This shows the moral usefulness of the novel. Thus while the novelists introduce their readers to new social worlds, and show the manners of others, they provide the best moral way for their readers to behave. This triple aim- to reveal, to educate, and to encourage moral behavior was an important feature of the eighteenth-century novel. i) As a consequence, the novels were detailed , long, and therefore expensive which means that the rich only could buy them. But by the middle of the eighteenth century, there appeared circulating libraries. So, people could borrow novels free of charge. That was a very important development. j) The rise of modern industrial capitalism, also, emphasized the idea of individualism. Because of industrial capitalism, people started to believe that the individual could choose and decide his future because it taught people how to earn and keep money.

Thus, because of those social factors, novelists started to study the individual. In the past, characters were seen as general concepts, without emphasis on their personalities. With the rise of modern industrial capitalism and individualism, the social attitude changed. Novelists started to study the individual’s ehavior, appearance , feelings and materialistic attitude. They chose characters from the real society around them, and who were individualized to the extent that most of them named their novels after the main characters.

Some of the themes to be discussed
The Moral Significance in Robinson Crusoe
(Points to be considered about the theme of moral and spiritual re-awakening)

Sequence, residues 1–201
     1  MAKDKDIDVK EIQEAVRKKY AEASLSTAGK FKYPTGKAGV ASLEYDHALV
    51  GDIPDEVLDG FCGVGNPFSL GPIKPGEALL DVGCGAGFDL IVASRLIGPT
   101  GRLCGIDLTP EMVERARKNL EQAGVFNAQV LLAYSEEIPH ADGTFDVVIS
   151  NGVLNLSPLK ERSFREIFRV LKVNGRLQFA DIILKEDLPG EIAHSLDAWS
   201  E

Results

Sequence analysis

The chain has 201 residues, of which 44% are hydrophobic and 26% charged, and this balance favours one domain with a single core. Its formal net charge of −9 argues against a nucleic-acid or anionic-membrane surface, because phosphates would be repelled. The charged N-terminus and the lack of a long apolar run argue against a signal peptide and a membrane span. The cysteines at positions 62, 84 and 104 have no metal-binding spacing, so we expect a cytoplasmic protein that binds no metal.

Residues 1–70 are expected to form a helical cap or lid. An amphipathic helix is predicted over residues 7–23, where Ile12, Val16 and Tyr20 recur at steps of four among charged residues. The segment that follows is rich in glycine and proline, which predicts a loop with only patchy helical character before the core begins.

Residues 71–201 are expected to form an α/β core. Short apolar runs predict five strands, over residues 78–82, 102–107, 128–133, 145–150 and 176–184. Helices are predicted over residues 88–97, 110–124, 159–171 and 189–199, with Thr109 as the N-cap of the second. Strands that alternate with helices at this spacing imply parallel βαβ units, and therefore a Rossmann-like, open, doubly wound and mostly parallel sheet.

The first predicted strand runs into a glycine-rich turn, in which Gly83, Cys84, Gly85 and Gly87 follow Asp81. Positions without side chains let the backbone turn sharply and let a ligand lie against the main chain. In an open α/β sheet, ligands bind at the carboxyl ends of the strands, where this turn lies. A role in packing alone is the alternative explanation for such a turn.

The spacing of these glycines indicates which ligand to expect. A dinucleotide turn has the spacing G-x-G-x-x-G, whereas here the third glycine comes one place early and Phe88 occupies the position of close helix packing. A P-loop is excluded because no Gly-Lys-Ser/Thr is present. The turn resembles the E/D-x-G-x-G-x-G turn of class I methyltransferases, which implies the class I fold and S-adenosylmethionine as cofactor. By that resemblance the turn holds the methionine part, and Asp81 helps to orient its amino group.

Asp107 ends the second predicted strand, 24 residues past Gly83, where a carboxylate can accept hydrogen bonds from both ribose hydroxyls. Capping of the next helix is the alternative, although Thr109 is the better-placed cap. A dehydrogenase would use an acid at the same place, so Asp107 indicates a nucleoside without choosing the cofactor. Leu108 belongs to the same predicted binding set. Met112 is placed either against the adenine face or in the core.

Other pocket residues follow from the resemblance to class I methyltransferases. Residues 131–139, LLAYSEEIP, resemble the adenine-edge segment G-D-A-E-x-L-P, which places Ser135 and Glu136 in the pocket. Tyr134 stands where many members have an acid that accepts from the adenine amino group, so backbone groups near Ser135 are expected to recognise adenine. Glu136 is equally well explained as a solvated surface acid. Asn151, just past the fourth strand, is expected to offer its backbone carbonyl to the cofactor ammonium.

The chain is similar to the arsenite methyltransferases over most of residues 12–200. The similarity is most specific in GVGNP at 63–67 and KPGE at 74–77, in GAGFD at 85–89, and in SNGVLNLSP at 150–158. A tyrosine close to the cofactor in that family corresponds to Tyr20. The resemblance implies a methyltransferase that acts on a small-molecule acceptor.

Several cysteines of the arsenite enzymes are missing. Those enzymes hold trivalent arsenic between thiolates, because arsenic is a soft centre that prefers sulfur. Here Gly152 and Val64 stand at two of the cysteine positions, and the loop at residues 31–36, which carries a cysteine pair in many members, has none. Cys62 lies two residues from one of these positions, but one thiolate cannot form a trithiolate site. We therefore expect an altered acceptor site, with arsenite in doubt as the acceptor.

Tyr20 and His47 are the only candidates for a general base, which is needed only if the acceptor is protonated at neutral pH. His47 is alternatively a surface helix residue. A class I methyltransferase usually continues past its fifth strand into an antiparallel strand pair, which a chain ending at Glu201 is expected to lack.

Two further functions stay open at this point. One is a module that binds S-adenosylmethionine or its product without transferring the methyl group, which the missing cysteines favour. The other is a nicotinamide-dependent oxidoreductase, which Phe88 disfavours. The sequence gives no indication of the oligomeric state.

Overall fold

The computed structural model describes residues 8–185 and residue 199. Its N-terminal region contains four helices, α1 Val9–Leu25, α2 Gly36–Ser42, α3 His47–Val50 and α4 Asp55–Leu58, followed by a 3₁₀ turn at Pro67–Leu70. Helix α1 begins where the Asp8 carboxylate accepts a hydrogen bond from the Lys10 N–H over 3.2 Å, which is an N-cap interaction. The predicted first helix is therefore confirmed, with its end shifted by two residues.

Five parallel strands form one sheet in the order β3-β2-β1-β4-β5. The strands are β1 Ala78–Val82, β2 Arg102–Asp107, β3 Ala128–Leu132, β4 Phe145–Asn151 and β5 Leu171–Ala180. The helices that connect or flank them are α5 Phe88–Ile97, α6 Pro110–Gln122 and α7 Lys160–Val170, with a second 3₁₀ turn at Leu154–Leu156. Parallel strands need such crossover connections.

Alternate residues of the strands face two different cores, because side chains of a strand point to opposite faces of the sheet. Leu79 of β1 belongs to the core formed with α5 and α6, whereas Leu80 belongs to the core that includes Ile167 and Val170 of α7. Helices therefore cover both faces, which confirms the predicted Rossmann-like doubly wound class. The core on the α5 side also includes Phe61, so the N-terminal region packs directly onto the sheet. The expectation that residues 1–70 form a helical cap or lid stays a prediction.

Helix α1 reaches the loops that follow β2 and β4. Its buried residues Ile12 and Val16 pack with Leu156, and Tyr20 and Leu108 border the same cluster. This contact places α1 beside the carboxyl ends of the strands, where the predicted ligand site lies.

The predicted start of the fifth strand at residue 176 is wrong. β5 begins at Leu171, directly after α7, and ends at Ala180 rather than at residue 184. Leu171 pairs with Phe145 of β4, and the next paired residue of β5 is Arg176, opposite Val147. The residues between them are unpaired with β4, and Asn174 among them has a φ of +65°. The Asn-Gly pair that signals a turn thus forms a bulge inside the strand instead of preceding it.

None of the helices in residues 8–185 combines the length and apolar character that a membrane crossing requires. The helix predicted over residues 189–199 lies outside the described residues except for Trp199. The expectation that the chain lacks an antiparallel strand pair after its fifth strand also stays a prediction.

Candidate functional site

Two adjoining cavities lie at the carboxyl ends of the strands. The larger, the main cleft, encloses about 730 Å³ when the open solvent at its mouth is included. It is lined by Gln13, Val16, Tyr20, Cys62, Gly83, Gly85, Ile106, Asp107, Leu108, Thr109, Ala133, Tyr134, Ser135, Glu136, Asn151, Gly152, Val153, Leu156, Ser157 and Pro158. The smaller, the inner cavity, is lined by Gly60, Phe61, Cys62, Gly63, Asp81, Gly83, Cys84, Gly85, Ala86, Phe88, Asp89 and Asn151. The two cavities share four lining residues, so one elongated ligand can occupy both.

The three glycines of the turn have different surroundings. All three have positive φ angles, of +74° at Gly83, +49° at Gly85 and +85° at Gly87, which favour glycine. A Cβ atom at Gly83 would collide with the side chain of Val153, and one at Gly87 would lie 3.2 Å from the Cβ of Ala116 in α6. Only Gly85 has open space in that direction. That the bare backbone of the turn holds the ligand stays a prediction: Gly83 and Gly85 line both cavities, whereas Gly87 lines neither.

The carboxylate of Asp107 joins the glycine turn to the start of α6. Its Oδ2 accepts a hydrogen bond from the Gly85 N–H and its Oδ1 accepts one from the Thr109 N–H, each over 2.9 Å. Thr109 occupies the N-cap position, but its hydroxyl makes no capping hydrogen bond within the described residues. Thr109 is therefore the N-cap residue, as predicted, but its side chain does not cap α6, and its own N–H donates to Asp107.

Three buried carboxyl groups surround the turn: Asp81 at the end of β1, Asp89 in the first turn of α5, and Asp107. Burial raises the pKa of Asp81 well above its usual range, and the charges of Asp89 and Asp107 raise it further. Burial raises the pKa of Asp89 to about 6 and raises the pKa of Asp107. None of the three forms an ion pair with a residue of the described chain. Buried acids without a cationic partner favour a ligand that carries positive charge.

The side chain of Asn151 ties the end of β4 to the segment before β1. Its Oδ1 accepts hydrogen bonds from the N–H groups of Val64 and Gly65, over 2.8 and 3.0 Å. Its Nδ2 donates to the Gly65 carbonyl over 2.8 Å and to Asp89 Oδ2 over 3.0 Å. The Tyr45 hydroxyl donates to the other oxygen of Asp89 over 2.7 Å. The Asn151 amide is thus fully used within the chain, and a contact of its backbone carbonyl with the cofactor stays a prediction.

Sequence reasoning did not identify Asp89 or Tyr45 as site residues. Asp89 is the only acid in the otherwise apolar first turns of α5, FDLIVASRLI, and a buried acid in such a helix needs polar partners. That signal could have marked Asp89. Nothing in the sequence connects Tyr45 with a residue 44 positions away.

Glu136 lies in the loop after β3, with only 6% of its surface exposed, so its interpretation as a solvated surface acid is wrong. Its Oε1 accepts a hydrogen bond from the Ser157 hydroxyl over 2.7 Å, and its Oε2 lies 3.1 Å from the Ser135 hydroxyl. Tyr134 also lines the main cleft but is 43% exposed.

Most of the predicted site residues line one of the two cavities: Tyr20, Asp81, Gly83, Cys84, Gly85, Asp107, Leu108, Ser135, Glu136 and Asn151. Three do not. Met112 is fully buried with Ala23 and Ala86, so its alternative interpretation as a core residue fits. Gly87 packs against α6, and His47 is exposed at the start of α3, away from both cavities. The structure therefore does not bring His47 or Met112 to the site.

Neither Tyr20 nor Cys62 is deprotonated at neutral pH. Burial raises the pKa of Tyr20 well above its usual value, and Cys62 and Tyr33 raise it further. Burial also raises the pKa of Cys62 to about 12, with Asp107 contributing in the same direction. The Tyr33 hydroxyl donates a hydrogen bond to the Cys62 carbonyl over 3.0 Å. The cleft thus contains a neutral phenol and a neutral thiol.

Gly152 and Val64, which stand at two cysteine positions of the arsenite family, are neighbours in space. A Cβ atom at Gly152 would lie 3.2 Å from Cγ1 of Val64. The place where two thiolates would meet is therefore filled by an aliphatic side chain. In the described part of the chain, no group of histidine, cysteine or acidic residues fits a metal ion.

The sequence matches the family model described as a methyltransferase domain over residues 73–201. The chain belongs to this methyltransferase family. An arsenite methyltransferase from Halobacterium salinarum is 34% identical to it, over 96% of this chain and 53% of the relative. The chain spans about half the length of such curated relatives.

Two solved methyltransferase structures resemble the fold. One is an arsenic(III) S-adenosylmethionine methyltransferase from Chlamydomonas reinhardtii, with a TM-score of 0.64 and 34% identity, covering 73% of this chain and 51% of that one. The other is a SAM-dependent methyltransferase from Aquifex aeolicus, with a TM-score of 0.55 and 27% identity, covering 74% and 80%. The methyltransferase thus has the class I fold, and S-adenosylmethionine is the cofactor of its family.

1- In his novel, Robinson Crusoe, Defoe emphasizes the moral element and “the wisdom of Providence in our life.” 2- Although R. Crusoe blamed his fate and bad luck at the beginning of his adventures, he would gradually believe that his misfortune was “a judgment of Heaven”, or a punishment of God because he disobeyed his father, and went to sea ignoring his advice. 3- When his ship was first overtaken by a strong storm, Crusoe prayed to God that if He spared his life, he would directly go home. However, when the sea became calm again, he forgot his vows.

4- The ship was overtaken once again by another storm, and the captain told him that it was “the hand of Providence” punishing Crusoe for his disobedience and breaking his vows to God. 5- The captain warned him that henceforth he would meet with “disasters and disappointments” if he did not go back to his father. What the captain said proved to be true. 6- On his next voyage to The Canary Islands, Crusoe was kidnapped by pirates and became a miserable slave for two years. 7- On his next voyage to Africa, “the Hand of God” punished him again.